Across ASEAN, we may also see models fluent in local languages, such as those that can generate content in Bahasa Indonesia, Thai or Vietnamese
Gavin Barfield, Salesforce

But Kevin Reed, chief information security officer of Acronis, warned that with LLMs being used to generate code, hard-to-diagnose bugs and security vulnerabilities may arise and be exploited with or without LLM assistance.

“This includes ransomware authors who will use LLMs to develop malicious software. Because it’s hard to deduce the intent of the software development, no matter what protections LLMs will try to put in place, there will always be bypasses,” Reed said.

SBOMs to gain traction

Recent incidents involving prominent organisations such as Singapore Airlines, Singtel, Singapore’s National Trade Union Congress, Microsoft, SolarWinds and Asus have highlighted the severity of software supply chain attacks.

In APAC, more than 50% of companies have been negatively affected by between two and five cyber security breaches in their supply chain, according to Armando Dacal, group vice-president at DigiCert Asia-Pacific and Japan.

In the new year, Dacal expects the software supply chain to become more robust, with inspections at various points of delivery. The composition of embedded software will become more transparent with the increasing adoption of software bills of materials (SBOMs).

Rise of specialised cloud providers

The cloud infrastructure market is being dominated by global hyperscalers that offer a sheer number of cloud services ranging from cloud databases and compute services to application platforms. Yet, these hyperscalers do not typically offer services customised to specific geographic regions’ requirements and unique use cases, expecting local customers to adopt a “one-size-fits-all” approach to cloud computing.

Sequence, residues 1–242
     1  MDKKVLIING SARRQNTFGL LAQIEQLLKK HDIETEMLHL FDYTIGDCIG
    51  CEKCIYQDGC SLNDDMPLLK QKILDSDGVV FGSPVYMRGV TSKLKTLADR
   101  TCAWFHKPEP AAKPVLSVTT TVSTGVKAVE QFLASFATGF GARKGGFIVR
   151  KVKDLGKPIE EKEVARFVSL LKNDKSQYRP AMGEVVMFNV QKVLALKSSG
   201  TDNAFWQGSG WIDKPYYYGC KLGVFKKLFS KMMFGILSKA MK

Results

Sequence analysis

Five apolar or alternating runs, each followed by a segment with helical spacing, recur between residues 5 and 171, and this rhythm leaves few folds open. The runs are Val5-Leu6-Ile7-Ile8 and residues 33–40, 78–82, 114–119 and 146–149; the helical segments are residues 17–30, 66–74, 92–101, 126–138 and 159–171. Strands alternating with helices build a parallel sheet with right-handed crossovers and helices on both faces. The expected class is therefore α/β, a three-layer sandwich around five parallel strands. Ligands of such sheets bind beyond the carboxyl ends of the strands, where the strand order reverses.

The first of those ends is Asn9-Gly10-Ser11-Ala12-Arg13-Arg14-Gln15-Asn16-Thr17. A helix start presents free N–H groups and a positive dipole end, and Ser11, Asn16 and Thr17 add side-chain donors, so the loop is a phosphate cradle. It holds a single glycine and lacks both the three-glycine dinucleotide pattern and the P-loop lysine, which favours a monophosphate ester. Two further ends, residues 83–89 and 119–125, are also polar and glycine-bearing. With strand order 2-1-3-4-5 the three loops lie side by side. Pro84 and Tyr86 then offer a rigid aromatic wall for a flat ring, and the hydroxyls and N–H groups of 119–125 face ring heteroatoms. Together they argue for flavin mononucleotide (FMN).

Sunny Chua, Singapore general manager of Wasabi Technologies, expects specialised providers that offer more cost-effective storage solutions to gain ground, challenging the dominance of hyperscalers – especially as ASEAN anticipates generating massive volumes of data in its pursuit of a $1tn digital economy. The demand then arises for speciality cloud storage providers capable of delivering predictable, secure, and scalable storage, coupled with seamless and rapid access to data.

The rise of the sovereign cloud

The growing interest by governments in protecting sovereign interests through various data sovereignty schemes can impact how organisations store, process, use, analyse and share data in different jurisdictions. Additionally, AI systems like GenAI, have raised issues of sovereignty during the training process.

Against this backdrop, 2024 will see the rise of the sovereign cloud, as more organisations respond to government regulations requiring them to store data within their jurisdictions for greater data control, said Matthew Oostveen, vice-president and chief technology officer of Pure Storage in Asia-Pacific and Japan. Countries that are taking the lead in building sovereign cloud capabilities include Australia, New Zealand, Japan and Indonesia.

More unstructured data, more vulnerabilities 

There is no question that data can propel an organisation’s digital growth ambitions, enabling enhanced intelligence and efficiencies. Not to mention, for any business looking to jump on the AI bandwagon meaningfully, it is their data that will ensure accurate outputs that are tailored to the business.